Patriot Ledger | Chad Berndtson | January 7, 2017
Now entering its 19th year, Club d’Elf is a Boston-area institution. Its regular Friday night shows [every other Friday, next show Feb 17, 2017] at Cambridge’s intimate Lizard Lounge attract some of the city’s – and the country’s – top musicians as part of a rotating cast of collaborators.
‘Live at Club Helsinki,” the new release from Club d’Elf, is that rarest of documents: something that captures a highly improvisational band working its magic and somehow bottles the feeling of something that, by definition, is ephemeral – that was meant to be heard in the moment.
For longtime d’Elf fans, it’s a beautiful listen, captured at the Hudson, N.Y., location of former Great Barrington stronghold Club Helsinki in 2012. For newcomers, it’s a worthy introduction to what’s made the group a cult favorite among lovers of improv and the band’s heady melange of music styles, from Moroccan gnawa to psychedelic rock, hip-hop and groovy acid jazz.
Now entering its 19th year, Club d’Elf is a Boston-area institution. Its regular Friday night shows at Cambridge’s intimate Lizard Lounge attract some of the city’s – and the country’s – top musicians as part of a rotating cast of collaborators, and it’s still expanding, having recently played its first shows in South America and looking to explore other moves beyond its New England enclave.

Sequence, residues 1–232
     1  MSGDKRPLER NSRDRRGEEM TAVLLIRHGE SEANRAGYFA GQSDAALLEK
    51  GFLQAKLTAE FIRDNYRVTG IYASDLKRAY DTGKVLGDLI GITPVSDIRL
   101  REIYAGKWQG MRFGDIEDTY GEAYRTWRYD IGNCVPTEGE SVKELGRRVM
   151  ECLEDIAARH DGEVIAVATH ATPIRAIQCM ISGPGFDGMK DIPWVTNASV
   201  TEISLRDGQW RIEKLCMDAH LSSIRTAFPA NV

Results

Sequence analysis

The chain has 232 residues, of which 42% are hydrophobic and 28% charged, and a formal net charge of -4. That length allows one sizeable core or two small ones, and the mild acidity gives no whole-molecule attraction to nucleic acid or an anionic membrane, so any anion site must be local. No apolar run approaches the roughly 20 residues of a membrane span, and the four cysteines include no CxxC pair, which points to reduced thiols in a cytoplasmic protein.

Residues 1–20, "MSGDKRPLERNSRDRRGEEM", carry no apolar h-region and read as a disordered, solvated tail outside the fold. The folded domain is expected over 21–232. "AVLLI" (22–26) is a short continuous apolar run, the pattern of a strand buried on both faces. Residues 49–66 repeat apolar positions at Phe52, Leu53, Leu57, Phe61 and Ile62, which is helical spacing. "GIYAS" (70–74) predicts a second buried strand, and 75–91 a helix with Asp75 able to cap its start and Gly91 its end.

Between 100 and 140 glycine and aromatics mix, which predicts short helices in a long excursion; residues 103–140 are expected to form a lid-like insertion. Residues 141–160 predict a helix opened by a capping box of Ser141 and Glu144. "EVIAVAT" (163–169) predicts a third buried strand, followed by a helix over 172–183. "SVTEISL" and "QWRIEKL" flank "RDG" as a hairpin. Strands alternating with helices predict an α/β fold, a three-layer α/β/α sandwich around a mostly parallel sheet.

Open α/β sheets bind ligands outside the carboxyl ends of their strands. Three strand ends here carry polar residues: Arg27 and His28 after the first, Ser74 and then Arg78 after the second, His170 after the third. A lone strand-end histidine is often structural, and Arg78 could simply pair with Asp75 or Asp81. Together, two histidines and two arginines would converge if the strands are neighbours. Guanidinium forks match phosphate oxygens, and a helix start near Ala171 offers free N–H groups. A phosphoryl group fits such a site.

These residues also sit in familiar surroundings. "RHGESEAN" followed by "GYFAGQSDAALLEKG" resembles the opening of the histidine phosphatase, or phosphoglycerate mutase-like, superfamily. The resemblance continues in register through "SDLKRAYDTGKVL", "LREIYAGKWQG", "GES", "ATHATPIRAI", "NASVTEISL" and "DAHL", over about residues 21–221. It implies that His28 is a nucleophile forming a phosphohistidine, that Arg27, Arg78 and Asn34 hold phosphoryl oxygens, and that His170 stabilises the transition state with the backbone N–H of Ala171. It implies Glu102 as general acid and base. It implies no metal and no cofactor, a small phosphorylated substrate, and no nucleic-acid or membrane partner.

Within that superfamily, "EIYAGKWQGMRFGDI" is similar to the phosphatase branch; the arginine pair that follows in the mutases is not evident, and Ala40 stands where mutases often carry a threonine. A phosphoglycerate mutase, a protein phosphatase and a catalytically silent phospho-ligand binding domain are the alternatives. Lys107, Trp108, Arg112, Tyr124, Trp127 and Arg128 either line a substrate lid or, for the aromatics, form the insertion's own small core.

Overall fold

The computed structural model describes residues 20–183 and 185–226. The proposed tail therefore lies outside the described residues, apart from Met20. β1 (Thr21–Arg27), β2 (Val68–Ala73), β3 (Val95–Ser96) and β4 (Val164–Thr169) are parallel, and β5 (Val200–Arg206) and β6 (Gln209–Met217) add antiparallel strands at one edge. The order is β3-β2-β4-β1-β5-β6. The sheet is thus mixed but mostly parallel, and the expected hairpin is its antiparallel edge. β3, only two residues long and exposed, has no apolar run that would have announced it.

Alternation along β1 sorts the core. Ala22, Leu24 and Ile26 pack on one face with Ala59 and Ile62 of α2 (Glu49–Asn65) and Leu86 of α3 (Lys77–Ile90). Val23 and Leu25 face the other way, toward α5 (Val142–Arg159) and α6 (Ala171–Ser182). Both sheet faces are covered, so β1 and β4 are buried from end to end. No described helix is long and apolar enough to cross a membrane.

The Club Helsinki show featured Rivard alongside heavyweights like John Medeski, Duke Levine, Brahim Fribgane, DJ Mister Rourke and Milton resident Dean Johnston, several of whom will join Club d’Elf lineups for a series of CD release shows this month. Both Medeski and Levine are in the lineup for next Friday’s show at the Columbus Theater in Providence, and guitar wizard David Tronzo is aboard for a Jan. 27 show at the Red Room at Cafe 939 in Boston. (Club d’Elf will also resume its regular every-other-Friday residency at the Lizard Lounge on Feb. 17.)
“I try to create lineups for which different personalities can get together and react well,” said Rivard, who plays acoustic and electric basses as well as the three-stringed sintir. “It’s like a tribe, a family, and my goal all along has been to create a repertoire – a book of music that, like in the jazz tradition where there are standards, everyone knows the material inside and out and you can go places with it.”
Rivard, a Berklee College of Music graduate and member of the Boston Pops Orchestra as well as numerous other local and international associations, said the biggest difference between D’Elf collectives now vs. even a half-decade ago is the telepath-like connection the musicians can make with one another when the music is at its strongest.
Rivard and drummer Johnston are Club D’Elf’s consistent members, and the interplay between the two is the core of the ensemble, no matter who else is playing.